Sadasiva Aiyar, J.
1. The plaintiff is the appellant. The suit was brought to obtain a mortgage decree for sale on the mortgage document Exhibit H, dated 11th May 1903, executed by the 1st defendant to the plaintiff for Rs. 1,150. The defendants Nos. 2 and 3 are the undivided sons of the 1st defendant. The 3rd defendant is still a minor, while the 2nd defendant was a minor on the date of the mortgage-bond Exhibit H.
2. According to the recital in Exhibit H the sum of Rs. 1,150 mentioned in it as consideration is made up as follows: (a) Rs. 833-8 0 being the sum due on the registered mortgage-bond Exhibit G of 1899; (6) Rs. 130-1-0 due on the simple debt bond of 1902 Exhibit K; (c) Rs. 42 received by the 1st defendant for excavating a well in the family garden; (d) Rs. 100 for discharging the debt of Nattukottai Karuppan Chettyar; (e) Rs. 43-7-0 received for excavating the well already mentioned and for family expenses; Total Rs. 1,150.
3. The 1st defendant (the father) as usual remained ex parte. His sons (the defendants Nos. 2 and 3) contended that their two-third share in the mortgaged properties cannot be affected by the mortgage because 'the suit debt was not contracted either for family benefit or for any necessity binding on the family' (4th paragraph of the written statement).
4. It will be seen from the written statement that the defendants Nos. 2 and 3 did not question the genuineness of the mortgage-deed Exhibit H or the existence of the debts, that is, the passing of consideration for Exhibit H, nor did they plead that the document was legally invalid as a mortgage for any reason. Their defence was confined to the contention that the mortgaged debt was not binding on their shares of the mortgaged property.
5. As the 1st defendant remained ex parte, the District Munsif had to raise the point for determination as to his execution of the document in order to give a decision against him. On 11th June 1915, a single consolidated issue was raised by the District Munsif as follows: 'Whether the suit document is genuine and supported by consideration and binding on the 2nd and 3rd defendants' shares.' In the judgment of the District Munsif, the issue has been split up into two as follows: (1) Whether the suit document is genuine and supported by consideration, and (2) whether the suit document is binding on the 2nd and 3rd defendants' shares. The Munsif notes in paragraph 6 of his judgment that issue II was the only one really contested by the contesting defendants Nos. 2 and 3, whose Vakil noted on Exhibit H that he admitted its genuineness. The Vakil also noted on the documents Exhibits A to G that he admitted their genuineness. The plaintiff, who was not even cross examined, proved the genuineness of Exhibits J and K. Clearly Mr. R. Srinivasa Rao, b. a., b. l., who appeared as Vakil for the defendants Nos. 2 and 3 before the District Munsif, did not deny the genuineness or validity as a mortgage document of the deed Exhibit H sued on or of the other documents Exhibits A to G. The Munsif found on the 1st issue (which was not contested by the contesting defendants) in the plaintiff's favour, and he found on the 2nd issue that the suit document is binding on the shares of the defendants Nos. 2 and 3 to the extent of Rs. 1.108-9-0 out of the principal sum of Rs. 1,150 mentioned in Exhibit H, the sum of Rs. 43-7-0 received in cash on the date of Exhibit H not having been proved to have been borrowed for family necessity. The District Munsif held that the remaining Rs. 1,106-9-0 constituted antecedent debts and hence the mortgage was binding to that extent on the shares of defendants Nos. 2 and 3 also He gave a mortgage decree accordingly for that sum and interest.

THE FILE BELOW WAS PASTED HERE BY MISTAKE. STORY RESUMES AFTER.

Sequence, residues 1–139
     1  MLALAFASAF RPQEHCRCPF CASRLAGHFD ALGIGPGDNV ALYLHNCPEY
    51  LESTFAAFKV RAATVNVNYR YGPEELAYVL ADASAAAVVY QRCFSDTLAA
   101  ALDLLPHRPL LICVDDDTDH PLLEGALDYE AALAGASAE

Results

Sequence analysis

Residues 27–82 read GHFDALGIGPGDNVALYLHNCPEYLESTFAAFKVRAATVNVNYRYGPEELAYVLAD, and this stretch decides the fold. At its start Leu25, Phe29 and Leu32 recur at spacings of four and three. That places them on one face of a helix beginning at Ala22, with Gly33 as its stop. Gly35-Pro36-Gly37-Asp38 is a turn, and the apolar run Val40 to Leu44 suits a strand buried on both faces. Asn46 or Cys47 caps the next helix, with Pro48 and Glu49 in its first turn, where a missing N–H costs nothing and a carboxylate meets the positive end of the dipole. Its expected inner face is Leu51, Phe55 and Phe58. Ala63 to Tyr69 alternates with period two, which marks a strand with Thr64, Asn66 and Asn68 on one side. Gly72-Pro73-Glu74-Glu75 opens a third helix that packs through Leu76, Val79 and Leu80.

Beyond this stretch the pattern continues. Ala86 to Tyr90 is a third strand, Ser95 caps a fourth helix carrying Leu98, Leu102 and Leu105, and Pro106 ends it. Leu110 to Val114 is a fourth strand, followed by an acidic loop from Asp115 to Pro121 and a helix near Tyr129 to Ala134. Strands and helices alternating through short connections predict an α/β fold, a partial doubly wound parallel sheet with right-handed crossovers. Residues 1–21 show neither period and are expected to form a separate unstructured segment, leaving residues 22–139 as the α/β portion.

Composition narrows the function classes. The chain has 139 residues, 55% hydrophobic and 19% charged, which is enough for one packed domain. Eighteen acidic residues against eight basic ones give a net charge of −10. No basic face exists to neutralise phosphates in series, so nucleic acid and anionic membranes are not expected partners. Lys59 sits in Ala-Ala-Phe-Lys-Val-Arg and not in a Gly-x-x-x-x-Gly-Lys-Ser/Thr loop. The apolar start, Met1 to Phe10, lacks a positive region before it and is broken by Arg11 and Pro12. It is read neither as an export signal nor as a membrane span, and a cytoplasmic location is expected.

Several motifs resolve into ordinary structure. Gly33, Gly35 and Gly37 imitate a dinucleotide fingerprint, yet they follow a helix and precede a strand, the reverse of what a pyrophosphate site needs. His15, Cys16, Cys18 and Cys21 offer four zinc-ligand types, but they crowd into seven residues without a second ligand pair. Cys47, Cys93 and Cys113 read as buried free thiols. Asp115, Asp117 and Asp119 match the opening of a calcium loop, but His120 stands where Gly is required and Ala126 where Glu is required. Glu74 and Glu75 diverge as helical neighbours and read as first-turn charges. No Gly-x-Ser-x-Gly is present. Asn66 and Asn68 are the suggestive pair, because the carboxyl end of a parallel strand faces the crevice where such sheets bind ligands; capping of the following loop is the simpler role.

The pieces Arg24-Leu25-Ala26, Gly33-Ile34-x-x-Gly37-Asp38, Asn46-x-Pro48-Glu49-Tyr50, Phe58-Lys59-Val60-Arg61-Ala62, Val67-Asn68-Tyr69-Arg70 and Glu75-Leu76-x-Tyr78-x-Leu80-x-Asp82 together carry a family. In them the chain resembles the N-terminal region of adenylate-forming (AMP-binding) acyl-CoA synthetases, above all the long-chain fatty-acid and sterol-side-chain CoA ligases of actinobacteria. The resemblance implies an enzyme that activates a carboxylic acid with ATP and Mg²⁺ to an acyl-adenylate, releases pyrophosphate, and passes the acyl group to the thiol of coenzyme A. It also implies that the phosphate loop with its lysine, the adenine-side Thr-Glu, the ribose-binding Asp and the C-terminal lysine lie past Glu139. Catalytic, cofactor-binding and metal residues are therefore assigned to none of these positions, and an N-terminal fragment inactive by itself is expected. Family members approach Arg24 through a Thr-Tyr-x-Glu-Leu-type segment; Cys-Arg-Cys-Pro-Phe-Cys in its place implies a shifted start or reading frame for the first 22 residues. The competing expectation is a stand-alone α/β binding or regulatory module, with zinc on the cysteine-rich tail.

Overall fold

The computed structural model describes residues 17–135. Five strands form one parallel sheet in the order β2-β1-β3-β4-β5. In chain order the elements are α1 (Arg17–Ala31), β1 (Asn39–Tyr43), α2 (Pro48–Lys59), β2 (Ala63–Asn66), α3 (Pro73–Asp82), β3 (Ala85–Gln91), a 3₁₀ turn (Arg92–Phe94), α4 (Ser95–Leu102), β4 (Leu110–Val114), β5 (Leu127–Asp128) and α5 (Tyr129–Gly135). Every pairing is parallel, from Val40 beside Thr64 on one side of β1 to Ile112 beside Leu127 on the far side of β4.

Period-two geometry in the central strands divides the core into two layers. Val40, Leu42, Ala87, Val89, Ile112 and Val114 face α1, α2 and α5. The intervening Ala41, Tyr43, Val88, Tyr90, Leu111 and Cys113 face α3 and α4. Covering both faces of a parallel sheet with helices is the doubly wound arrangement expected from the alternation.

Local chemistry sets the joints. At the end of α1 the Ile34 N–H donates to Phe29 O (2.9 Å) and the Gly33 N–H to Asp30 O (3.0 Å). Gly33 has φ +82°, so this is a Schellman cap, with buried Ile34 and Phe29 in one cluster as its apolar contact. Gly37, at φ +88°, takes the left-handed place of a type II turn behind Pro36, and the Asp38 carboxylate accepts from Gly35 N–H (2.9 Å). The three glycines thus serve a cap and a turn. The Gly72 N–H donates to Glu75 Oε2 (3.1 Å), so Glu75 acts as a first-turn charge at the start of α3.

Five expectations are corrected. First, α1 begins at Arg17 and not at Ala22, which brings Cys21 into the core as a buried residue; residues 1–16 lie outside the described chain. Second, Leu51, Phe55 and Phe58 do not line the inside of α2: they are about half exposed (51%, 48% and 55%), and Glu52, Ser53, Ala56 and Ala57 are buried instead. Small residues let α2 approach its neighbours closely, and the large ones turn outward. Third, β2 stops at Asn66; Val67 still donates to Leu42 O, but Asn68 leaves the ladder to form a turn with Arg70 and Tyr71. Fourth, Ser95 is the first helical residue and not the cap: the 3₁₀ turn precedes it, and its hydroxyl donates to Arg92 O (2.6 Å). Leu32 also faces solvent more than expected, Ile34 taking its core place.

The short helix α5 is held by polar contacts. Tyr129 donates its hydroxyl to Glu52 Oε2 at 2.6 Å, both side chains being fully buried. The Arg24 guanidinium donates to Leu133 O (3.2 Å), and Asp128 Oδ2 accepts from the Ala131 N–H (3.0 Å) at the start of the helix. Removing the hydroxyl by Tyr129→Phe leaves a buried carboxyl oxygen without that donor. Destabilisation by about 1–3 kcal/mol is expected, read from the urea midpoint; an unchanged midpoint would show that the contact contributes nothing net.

6. On appeal, the same Vakil who had appeared for the appellants in the District Munsif's Court was allowed to contend that Exhibit H was not proved to be valid as a mortgage because it had not been proved by the evidence of an attesting witness under Section 68 of the Evidence Act, and the other mortgage documents Exhibits B, C, E, F and G had also not been so proved by the evidence of an attesting witness for each of the documents or by proof that the attestation of one attesting witness was in his handwriting under Section 69 of the Evidence Act. I might add that in the grounds of appeal to the lower Appellate Court, no express reference is made to the necessity of the proof of any of these documents by an attesting witness or to the necessity of the proof of an attesting witness's handwriting.